Walla Walla Community College teacher on opera: 'Everyone has it in them'

For the second year in a row, WWCC students will perform an opera created by their instructor.



Kristin Vining at keybords be hind her is Major Ilaoa(at left), Emilio Lara (center), Jeannie Gagnon(right). 3-1--11


Students bow at the end of a session rehearsing "Cartes Postales."

WALLA WALLA -- Voice students, music students and art students will collaborate this week to put together an original opera at Walla Walla Community College.

The shows, to be held Tuesday and Wednesday, will be presented "in the round" at the rotunda of the college's William A. Grant Water and Environmental Center. The rounded space, with its high ceilings and floor-to-ceiling windows against one wall, will hold about 80 audience members. They will get an intimate and close-up showing of "Cartes Postales," the French-themed opera written and composed by Kristin Vining, a music instructor at the college.

The production marks the second opera put on by students at the school. Last year, Vining wrote the story and composed music for "Cendrillon," a story inspired by the Cinderella fairy tale and also set in France.

Through song, dance, some casual acting and artwork, the students will take viewers on a "postcard" trip through Paris, France. The performers will present odes to sights of Paris, like a busy Metro, a stroll through the Louvre, a visit to the Notre Dame Cathedral and along La Seine.

Dancing is incorporated with many of the songs, with choreography by Morgane Filan, a past student who worked with Jones and Vining on "Cendrillon."

Julie Jones, who teaches voice at the college, said the opera productions are unique because students are asked to participate as part of their class. Meaning, no one auditioned for a part -- they were simply told about the upcoming production, and started learning dances, brief acting parts, stage presence and direction, along with learning the original songs.

"They signed up for a class," Jones said. "And just like they did last year, they ended up doing a show."

From a learning standpoint, preparing the show is enabling collaboration between classes, and getting students to try elements of the stage new to them.

"They're dancing, they're singing, they're acting," Vining said. "But another part of that model is to be as authentic and natural as possible."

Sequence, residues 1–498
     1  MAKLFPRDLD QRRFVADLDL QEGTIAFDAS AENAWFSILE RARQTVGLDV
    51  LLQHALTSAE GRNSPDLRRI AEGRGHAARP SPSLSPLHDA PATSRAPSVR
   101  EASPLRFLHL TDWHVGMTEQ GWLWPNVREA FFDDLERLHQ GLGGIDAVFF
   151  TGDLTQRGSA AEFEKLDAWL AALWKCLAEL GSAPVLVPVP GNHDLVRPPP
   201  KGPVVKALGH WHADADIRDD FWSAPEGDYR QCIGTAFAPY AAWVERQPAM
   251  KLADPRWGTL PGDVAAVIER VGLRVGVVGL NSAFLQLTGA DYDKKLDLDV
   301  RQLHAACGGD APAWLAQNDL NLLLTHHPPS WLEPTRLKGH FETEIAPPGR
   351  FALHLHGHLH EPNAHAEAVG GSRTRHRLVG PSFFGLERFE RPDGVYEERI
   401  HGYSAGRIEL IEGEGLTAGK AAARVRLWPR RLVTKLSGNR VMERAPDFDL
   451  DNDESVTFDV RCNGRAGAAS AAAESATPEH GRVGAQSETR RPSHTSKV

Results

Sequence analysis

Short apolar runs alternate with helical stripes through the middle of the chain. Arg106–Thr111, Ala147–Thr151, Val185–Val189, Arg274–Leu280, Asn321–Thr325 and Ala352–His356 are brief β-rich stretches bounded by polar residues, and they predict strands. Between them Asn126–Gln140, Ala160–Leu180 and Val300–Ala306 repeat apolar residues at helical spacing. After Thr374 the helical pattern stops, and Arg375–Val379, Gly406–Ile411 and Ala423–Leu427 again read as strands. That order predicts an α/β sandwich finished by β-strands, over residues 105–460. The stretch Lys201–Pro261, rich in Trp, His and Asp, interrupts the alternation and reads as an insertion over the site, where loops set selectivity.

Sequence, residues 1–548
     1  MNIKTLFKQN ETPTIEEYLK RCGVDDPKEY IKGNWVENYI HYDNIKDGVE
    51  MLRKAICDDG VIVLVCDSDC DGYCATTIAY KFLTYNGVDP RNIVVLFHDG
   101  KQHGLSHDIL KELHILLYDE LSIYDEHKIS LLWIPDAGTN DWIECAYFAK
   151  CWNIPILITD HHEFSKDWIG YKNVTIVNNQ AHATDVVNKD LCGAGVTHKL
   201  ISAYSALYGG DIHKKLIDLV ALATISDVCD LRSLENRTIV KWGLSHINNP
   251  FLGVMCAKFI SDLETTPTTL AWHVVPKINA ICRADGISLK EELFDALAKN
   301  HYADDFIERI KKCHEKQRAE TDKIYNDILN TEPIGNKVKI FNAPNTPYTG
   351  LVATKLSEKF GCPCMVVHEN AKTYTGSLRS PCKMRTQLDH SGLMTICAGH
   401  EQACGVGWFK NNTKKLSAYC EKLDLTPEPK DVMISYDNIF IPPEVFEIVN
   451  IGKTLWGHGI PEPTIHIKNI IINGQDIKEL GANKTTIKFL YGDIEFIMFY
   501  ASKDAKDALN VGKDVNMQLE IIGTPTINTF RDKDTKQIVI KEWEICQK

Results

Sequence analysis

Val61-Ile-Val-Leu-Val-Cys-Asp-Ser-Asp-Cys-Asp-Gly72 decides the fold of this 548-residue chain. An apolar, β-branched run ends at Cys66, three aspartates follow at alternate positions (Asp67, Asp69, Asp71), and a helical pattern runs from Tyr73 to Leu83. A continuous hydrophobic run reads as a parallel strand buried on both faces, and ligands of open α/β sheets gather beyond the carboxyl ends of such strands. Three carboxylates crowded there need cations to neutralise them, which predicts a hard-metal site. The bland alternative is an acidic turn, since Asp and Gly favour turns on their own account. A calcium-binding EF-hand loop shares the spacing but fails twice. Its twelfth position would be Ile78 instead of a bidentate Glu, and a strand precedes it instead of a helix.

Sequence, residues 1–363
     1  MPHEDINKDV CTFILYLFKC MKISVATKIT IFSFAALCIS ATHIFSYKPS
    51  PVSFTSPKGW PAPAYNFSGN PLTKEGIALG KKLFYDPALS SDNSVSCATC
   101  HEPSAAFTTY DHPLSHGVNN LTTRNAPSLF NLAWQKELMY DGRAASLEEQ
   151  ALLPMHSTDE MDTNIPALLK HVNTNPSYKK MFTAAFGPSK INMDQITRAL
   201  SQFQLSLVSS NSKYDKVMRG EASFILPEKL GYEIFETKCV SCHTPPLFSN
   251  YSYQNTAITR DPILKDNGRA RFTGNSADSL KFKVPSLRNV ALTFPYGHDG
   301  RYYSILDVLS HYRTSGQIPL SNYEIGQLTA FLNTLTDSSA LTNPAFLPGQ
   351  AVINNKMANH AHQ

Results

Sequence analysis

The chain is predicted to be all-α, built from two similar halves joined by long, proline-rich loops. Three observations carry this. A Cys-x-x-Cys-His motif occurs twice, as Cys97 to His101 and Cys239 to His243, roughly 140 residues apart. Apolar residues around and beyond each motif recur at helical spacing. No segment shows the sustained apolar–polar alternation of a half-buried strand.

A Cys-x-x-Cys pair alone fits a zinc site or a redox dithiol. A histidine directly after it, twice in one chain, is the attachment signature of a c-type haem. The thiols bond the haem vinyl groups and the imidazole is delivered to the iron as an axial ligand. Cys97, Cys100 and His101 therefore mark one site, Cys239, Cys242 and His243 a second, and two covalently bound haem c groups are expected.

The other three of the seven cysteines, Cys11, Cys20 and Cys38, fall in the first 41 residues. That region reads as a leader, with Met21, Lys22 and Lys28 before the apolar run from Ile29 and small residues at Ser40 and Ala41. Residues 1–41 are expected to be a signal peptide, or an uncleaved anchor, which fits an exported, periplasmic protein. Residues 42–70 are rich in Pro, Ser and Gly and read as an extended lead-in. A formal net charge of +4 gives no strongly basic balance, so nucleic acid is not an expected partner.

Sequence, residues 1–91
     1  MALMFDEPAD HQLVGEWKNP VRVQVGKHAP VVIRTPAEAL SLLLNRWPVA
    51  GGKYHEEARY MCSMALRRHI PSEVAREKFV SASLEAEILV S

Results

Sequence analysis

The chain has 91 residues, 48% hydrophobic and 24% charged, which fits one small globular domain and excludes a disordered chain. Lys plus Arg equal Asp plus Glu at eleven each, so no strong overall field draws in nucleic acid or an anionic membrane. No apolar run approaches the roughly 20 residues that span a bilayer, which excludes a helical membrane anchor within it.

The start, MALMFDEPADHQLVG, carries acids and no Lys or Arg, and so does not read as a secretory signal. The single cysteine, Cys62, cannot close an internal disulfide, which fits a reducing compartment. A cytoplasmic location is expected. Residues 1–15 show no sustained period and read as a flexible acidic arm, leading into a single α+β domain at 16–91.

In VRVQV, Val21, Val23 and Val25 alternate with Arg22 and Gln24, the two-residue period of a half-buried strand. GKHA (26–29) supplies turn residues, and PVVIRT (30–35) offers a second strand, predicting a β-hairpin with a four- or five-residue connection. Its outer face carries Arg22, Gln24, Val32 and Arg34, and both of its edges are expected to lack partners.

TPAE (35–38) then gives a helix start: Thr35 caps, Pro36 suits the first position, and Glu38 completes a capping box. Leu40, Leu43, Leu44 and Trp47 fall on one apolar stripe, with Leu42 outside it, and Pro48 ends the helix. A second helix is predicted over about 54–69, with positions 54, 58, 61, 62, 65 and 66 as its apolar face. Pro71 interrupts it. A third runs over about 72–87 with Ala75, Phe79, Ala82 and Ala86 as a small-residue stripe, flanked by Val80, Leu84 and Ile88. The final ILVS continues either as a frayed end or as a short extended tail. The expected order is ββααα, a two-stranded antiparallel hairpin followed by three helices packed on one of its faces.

The show will include students from Jones' voice and vocal ensemble classes, and Vining's music fundamentals class. The space will also feature student art works that capture scenes from France.

Vining said part of her inspiration for writing "Cartes Portales" came from working with the voice students.

"This group is particularly inspirational," she said. "I'll write things with particular students in mind."

Kieron Wassenaar, who was also part of "Cendrillon" last year, said doing the shows has boosted his confidence as a singer and performer. He said the intimate setting of "Cartes Postales" is also helping him as he prepares for some solos.

"A lot of my solos had to do with getting in touch with the audience, and since we're doing this in the round it really allows me to do that," he said.

Lisa Thursby, a freshman, said she was initially worried about putting on a show, and in particular, dancing.

"After I got over the shock I got so excited," she said. "I'm even enjoying the dancing, which is usually the part I dread."

The students also borrow inspiration from Vining, whose songs capture the romance, fun and excitement of Paris.

"It's extra special since she wrote it," said student Jeannie Gagnon, who completes her associate's degree this spring. "I think it's so beautiful, and she's so talented."

There are several, quick songs making up the show, each capturing the unique setting of a Paris landmark. Jones said using everyday locations, like the Metro, for the show reinforces music and song as a casual, everyday thing.

"That's part of our inspiration, that music is just emerging from a normal place," Jones said.

She said acting and performing, although not what her voice students had in mind as part of the class, is also something common and pleasurable that anyone can experience.

"This is natural," Jones said about performing. "Everyone has it in them."

Maria P. Gonzalez can be reached at mariagonzalez@wwub.com or 526-8317.

If you go

Shows are Tuesday and Wednesday at 6 p.m. and 7:30 p.m. at the college's Water and Environmental Center. Seating is limited. To reserve a seat, e-mail Denise Marr at denise.marr@wwcc.edu.


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